Expensive subsidies

The weak rental market in recent years has made the program increasingly expensive for the village. Rental reimbursement, available only to buildings in the program that are considered hard to rent?#34;and usually hard to rent to whites?#34;have skyrocketed in the last few years.

Rental reimbursement takes place when a vacant apartment cannot be rented to a tenant who will meet the diversity goals. The subsidy, which comes from the village's general fund, is 80 percent of the rent for the 31st to 120th day of the vacancy after the unit is considered market ready.

In 2000, when the rental market was tight, the village spent only $12,157 on rental reimbursement costs, but that increased to $194,945 in 2003 before dropping 20 percent to a still high $155,490 in 2004, according to the report.

The weak rental market has hurt the program in other ways. Most apartment buildings in Oak Park are not part of the DAP and most do not market through the Housing Center. The number of clients assisted by the Housing Center has dropped to 3,732 in 2004 from a high of 5,591 in 1999. The report concluded that the Housing Center must put a high priority on expanding the number of clients that it serves.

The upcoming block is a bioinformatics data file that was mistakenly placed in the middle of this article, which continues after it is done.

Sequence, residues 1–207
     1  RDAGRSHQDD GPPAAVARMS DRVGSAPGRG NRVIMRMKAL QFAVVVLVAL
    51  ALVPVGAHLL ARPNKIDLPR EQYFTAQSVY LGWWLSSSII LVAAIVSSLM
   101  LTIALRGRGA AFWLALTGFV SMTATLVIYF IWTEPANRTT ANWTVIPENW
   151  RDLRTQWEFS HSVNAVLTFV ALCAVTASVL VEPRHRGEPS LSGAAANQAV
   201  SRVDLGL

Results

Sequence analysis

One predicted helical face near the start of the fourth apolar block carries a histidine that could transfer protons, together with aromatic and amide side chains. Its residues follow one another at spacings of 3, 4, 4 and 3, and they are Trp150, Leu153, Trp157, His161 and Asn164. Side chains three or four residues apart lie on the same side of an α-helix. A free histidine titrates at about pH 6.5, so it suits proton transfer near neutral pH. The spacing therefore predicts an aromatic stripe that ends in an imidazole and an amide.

The report recommended that the Housing Center increase its marketing and the village provide more incentives to the Housing Center for marketing units in the DAP. The report also recommended that the Housing Center seek a more diverse group of staff and volunteers that might better match the demographics of apartment seekers?#34;especially the need for more youth.